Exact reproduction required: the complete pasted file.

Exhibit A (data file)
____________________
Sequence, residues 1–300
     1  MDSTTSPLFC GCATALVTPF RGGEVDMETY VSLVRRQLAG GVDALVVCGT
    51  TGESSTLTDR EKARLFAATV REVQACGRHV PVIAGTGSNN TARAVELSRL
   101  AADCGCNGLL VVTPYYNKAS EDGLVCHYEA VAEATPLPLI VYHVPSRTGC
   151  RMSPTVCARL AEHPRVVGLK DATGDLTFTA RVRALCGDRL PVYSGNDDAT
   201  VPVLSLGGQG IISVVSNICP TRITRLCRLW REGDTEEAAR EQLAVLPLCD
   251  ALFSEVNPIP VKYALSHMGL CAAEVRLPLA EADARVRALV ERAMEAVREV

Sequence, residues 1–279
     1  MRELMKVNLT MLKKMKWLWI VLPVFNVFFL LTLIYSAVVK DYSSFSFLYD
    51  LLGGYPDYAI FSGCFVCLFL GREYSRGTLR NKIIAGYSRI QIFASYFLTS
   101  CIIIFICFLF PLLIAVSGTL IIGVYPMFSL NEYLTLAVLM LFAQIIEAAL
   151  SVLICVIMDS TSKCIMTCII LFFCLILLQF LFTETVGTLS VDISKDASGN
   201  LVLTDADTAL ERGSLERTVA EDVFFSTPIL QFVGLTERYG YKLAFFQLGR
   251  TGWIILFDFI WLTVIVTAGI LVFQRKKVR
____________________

Sequence, residues 1–300
     1  MDSTTSPLFC GCATALVTPF RGGEVDMETY VSLVRRQLAG GVDALVVCGT
    51  TGESSTLTDR EKARLFAATV REVQACGRHV PVIAGTGSNN TARAVELSRL
   101  AADCGCNGLL VVTPYYNKAS EDGLVCHYEA VAEATPLPLI VYHVPSRTGC
   151  RMSPTVCARL AEHPRVVGLK DATGDLTFTA RVRALCGDRL PVYSGNDDAT
   201  VPVLSLGGQG IISVVSNICP TRITRLCRLW REGDTEEAAR EQLAVLPLCD
   251  ALFSEVNPIP VKYALSHMGL CAAEVRLPLA EADARVRALV ERAMEAVREV

Sequence, residues 1–279
     1  MRELMKVNLT MLKKMKWLWI VLPVFNVFFL LTLIYSAVVK DYSSFSFLYD
    51  LLGGYPDYAI FSGCFVCLFL GREYSRGTLR NKIIAGYSRI QIFASYFLTS
   101  CIIIFICFLF PLLIAVSGTL IIGVYPMFSL NEYLTLAVLM LFAQIIEAAL
   151  SVLICVIMDS TSKCIMTCII LFFCLILLQF LFTETVGTLS VDISKDASGN
   201  LVLTDADTAL ERGSLERTVA EDVFFSTPIL QFVGLTERYG YKLAFFQLGR
   251  TGWIILFDFI WLTVIVTAGI LVFQRKKVR